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i can't just generalise, and remember, when Thing X is lost, that back when Thing Y got lost it wasn't really so bad and wasn't worth freaking out about and that an incident involving Thing X is probably going to have the same outcome. i don't know how to do that.

Sounds a lot like my son (PDD-NOS). It took us quite a while to figure out he couldn't generalize either. Any change in a situation (no matter how small) meant a whole new learning curve. Even if the same situation happened in a DIFFERENT ROOM, we had to start all over again. VERY frustrating on both sides of that!

But you are now aware of what's going on, and you are trying to change. It may take a while, and I know it will piss you off having to keep learning things over and over again, but you are taking the steps. This is a problem my friend (and fellow crazy boarder) Abi has described as well. Your aren't alone, and it's the autism, not you being a butthead. Don't be too hard on yourself.

You are also at an interesting age. 25 or 26 is when your brain actually "matures" and isn't rapidly changing like it was during teen years. Abi said she had some developmental leaps around this time. Your awareness of your issues may be realted to that. Hopefully that means you will be able to work through it.

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not sure how much sense that made. did that make sense? if it did, what do i do?

It made sense.

A possible tool for dealing with it: keep a journal of All The Things That Torque Halation Off

After a while it may be possible to see if there are changes in frequency, or if some categories of these things are more frequently a problem than others. I don't know how that would help in dealing with the problem, but it's possible that the data would point to something specific that your medical team can address. For example, increasing sensory-based meltdowns could be seizurey and rate a new EEG (with one of the conditions identified used as a deliberate trigger.)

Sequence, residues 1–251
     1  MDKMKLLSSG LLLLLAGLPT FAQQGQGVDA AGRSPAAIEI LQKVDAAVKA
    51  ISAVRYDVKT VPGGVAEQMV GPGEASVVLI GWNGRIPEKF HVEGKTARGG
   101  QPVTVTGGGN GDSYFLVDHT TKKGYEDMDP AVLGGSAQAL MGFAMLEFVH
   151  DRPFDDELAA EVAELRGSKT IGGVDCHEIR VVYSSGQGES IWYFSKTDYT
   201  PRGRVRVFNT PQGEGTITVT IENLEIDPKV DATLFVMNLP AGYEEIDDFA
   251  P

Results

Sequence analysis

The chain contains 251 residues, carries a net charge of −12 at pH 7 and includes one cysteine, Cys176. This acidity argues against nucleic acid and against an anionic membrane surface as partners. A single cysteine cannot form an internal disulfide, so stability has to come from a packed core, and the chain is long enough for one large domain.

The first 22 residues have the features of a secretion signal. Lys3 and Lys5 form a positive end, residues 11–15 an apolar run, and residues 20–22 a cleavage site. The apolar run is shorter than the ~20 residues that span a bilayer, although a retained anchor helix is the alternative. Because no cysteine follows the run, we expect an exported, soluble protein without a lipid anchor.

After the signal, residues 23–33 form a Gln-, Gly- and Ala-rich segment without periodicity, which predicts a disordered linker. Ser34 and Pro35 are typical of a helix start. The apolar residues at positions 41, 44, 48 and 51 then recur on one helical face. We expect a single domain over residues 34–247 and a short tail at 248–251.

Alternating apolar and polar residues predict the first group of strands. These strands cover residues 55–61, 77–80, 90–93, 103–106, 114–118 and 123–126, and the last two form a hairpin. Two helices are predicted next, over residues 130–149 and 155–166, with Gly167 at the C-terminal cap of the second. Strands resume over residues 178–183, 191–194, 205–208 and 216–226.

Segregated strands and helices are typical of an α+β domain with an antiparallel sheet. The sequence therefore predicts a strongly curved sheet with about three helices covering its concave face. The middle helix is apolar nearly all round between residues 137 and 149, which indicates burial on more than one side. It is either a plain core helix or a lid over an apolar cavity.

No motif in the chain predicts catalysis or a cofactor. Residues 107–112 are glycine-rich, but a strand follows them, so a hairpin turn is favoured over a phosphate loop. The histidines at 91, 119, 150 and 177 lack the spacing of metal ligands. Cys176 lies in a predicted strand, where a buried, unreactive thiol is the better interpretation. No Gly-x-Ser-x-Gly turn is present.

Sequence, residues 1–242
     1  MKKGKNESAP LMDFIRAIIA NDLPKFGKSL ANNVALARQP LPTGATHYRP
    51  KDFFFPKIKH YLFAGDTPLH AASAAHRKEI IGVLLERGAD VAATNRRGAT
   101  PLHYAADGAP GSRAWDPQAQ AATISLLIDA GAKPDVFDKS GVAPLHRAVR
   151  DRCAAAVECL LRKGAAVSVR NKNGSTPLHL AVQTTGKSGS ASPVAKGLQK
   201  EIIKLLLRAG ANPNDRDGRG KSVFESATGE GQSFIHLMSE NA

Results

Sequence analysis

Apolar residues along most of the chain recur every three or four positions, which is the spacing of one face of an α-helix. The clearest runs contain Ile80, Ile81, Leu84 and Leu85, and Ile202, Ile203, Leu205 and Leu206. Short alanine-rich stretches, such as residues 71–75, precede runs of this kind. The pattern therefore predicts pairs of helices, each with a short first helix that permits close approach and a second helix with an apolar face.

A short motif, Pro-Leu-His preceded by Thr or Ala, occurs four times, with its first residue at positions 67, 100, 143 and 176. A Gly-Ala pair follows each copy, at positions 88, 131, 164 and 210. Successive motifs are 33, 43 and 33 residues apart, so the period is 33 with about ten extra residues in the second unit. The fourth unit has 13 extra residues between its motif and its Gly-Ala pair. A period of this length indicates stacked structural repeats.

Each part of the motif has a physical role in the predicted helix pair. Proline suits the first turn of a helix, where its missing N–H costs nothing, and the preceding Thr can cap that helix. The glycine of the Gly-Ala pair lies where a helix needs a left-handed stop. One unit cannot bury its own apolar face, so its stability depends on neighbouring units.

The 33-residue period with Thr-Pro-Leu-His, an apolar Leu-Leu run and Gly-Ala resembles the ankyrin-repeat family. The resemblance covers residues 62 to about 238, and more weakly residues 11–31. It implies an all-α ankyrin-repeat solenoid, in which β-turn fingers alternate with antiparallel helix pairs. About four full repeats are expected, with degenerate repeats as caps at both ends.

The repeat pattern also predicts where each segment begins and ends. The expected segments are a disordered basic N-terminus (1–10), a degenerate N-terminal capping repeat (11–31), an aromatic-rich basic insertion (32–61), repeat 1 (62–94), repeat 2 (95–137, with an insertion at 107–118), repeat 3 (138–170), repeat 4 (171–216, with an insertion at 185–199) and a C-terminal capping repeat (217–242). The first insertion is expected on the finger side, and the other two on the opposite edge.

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what is this thing called Generalization you speak of?? *grin*

i'm very all or nothing. it takes a lot of energy for me to not go off the handle.

people at work are actually used to me taking a deep breath, handing off my register to a manager and going to the back for a few more deep breaths and then returning.

keeping track in some sort of journal might help a lot ;) i think mine have stayed the same, but i'm noticing them more as i am more aware of myself as a self. if that makes sense.

abi

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Hal are you my long lost sister?

It's usually a toss up between whether the BPI wins, the autism wins or whether I get knocked on my ass from my seizures.

Sorry but my pain meds have me knocked on my ass today.

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  • 3 weeks later...

What I agree the most is writing it all down, when it happens, like keeping a journal. That way you can always go back to the situation and figure out what happened and what you can try to change. It will also show how frequent your meltdowns are, and what exactly causes them. That may show you who to talk to and what to do with them.